By Maria Savvidou, coordinator of the research unit “International & European Law”
During this past week a very crucial issue has been at the forefront of major Greek newspapers: the expropriation of properties that belong to the Greek minority living in Himara, Albania. Expropriations of properties are not uncommon; one can only look at the fate of American properties in Iran. For them to be lawful,certain conditions must be met (public purpose, payment of compensation, due process and non-discrimination). Triggered by the requirement of non-discrimination, this analysis examines the rights of national minorities. It consists of a part concerning International Law and another one concerning European Union law.
Before examining their rights, a definition of minorities is in order. According to Article 1 of the United Nations Minorities Declaration (1992), minorities “are based on national or ethnic, cultural, religious and linguistic identity”. There is no list with a fixed number of identified minorities, because a minority to be construed as such must fulfill an objective requirement (common ethnicity, language etc.) as well as a subjective one (individuals must identify themselves as members of the minority). Perhaps the most important characteristic of minorities is that they have a non-dominant position inside a given territory, since they constitute a group numerically inferior to the rest of the population (definition by UN Special Rapporteur – 1977).
Apart from the UN Minorities Declaration, an explicit protection of the rights of minorities is provided by the International Covenant on Civil and Political Rights, which in Article 27 states that persons belonging to minorities “shall not be denied the right, in conformity with the other members of their group, to enjoy their own culture, to profess and practice their own religion, or to use their own language”. Under the Council of Europe, national minorities not only enjoy all the rights established by the European Convention on Human Rights, which is a universal declaration not particularly addressed to them, but their rights are also protected by the Framework Convention for the Protection of National Minorities (1998). The Court has held that “a balance must be achieved which ensures the fair and proper treatment of minorities and avoids any abuse of a dominant position”. The Court has also held that minorities enjoy freedom of expression, right to education, freedom of religion, and effective participation in cultural, religious, social, economic and public life. It is worth mentioning that the languages used by traditional minorities are protected and promoted.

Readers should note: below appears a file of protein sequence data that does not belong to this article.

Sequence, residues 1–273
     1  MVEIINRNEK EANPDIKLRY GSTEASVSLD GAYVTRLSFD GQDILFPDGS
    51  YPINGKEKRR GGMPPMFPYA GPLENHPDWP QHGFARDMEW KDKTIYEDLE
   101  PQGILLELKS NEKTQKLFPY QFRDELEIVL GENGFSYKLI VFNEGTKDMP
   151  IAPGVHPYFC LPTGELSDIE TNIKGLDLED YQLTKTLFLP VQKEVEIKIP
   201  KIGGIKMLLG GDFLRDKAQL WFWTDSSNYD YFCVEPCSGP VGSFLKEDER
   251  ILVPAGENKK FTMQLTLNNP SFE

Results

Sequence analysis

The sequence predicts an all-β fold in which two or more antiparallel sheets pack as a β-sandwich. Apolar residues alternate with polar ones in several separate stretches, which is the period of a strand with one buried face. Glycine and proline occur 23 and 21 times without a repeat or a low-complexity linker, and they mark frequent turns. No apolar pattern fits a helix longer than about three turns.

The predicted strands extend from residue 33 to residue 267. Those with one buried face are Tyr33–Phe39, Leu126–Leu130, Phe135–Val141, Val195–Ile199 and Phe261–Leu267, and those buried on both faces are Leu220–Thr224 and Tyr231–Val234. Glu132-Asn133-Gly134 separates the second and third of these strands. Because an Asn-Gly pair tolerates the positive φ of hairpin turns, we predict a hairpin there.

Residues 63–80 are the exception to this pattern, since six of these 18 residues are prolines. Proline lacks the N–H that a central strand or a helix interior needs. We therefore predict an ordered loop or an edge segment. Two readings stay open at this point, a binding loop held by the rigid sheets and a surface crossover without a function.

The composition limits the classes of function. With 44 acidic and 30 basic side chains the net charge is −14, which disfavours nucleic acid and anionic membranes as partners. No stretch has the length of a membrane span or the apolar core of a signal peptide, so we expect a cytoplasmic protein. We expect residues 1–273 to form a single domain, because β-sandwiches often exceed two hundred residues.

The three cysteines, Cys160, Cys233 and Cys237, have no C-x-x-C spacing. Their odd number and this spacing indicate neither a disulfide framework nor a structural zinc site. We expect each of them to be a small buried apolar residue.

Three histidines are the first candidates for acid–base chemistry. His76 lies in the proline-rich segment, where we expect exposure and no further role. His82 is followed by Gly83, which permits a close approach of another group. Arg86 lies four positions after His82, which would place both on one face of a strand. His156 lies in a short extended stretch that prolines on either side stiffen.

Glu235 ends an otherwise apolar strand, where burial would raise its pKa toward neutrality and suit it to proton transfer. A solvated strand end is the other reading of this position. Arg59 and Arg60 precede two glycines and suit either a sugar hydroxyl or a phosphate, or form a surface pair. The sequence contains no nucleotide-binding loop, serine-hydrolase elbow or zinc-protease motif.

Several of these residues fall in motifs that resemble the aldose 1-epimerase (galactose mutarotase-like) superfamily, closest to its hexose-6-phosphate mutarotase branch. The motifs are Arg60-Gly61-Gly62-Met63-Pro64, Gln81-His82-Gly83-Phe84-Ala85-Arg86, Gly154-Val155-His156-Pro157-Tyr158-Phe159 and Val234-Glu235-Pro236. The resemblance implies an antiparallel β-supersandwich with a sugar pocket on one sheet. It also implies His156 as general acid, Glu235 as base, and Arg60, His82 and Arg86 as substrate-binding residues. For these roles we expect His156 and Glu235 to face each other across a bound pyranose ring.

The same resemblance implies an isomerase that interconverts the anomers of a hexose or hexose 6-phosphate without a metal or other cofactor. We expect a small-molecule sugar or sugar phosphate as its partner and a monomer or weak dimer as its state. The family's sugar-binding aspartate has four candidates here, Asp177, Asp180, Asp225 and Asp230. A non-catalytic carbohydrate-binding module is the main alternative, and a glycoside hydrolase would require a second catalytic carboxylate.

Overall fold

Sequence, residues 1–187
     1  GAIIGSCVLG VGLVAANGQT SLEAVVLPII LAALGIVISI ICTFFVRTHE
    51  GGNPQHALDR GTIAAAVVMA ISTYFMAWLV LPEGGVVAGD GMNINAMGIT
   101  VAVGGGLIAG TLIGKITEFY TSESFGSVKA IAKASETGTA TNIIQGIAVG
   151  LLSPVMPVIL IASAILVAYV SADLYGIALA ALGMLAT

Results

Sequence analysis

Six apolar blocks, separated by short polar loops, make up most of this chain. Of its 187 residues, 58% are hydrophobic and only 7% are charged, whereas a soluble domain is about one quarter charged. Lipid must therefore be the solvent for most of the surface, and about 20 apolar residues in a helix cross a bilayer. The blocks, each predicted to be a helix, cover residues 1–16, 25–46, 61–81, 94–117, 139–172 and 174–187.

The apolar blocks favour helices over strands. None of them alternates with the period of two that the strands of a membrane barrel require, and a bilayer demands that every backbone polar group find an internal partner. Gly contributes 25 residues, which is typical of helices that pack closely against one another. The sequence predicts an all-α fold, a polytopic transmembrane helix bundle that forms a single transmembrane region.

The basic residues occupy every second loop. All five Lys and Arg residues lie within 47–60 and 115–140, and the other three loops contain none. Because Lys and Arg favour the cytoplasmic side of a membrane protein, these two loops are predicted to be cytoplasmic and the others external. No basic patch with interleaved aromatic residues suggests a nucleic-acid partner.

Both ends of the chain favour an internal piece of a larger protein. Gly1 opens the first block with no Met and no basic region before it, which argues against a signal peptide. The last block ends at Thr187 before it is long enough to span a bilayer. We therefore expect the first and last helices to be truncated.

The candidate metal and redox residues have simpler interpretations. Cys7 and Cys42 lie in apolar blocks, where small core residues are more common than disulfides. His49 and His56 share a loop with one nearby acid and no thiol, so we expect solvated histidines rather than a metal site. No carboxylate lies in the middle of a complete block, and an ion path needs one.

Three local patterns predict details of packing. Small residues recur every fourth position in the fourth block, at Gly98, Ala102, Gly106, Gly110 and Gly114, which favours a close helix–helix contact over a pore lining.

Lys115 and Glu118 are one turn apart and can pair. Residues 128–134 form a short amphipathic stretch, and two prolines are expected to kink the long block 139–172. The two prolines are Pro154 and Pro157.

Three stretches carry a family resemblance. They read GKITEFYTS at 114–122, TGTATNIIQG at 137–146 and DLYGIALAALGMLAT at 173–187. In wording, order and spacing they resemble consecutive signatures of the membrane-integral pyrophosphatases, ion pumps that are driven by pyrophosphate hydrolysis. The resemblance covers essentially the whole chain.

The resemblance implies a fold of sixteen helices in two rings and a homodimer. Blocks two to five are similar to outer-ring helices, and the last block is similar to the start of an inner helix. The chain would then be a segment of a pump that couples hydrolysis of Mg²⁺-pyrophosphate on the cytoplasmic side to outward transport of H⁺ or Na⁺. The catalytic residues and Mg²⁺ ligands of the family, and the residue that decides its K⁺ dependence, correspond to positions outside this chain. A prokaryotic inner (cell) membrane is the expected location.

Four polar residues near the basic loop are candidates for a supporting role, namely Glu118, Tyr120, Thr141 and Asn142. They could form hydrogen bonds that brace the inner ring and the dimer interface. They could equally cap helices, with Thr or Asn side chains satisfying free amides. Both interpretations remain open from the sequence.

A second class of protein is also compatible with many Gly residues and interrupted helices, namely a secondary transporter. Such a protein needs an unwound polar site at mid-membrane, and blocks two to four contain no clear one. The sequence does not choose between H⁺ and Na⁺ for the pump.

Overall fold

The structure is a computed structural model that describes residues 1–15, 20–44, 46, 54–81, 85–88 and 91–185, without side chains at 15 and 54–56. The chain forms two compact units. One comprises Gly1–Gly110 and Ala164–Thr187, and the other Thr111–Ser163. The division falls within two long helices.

In the context of the European Union, Article 2 of the Treaty on the European Union explicitly lists among the EU core values the human rights of minorities. Article 21 of the Charter of Fundamental Human Rights (2000) prohibits any discrimination on grounds of nationality. The European Court of Justice has held that, always pursuant to strict proportionality, a candidate country can deviate from the acquis for the sake of minority protection. Much discussed was case T-646/13where the General Court of the EU annulled the Commission decision refusing registration of the proposed European citizens’ initiative (ECI) entitled “Minority SafePack – one million signatures for diversity in Europe”. Although the ECJ decision was mainly rooted on procedural grounds (i.e. the Commission’s lack of “a full statement of reasons” for its refusal), it still opened the path for the improvement of the protection of persons belonging to national and linguistic minorities.
This brief analysis has not dealt with the human rights of minorities in general nor with the issue of reverse discrimination. It has merely examined the protection national minorities enjoy prompted by developments in Himara. This issue steadily gains in importance in the midst of political and economic turmoil which has spurred migration flows and discrimination phenomena.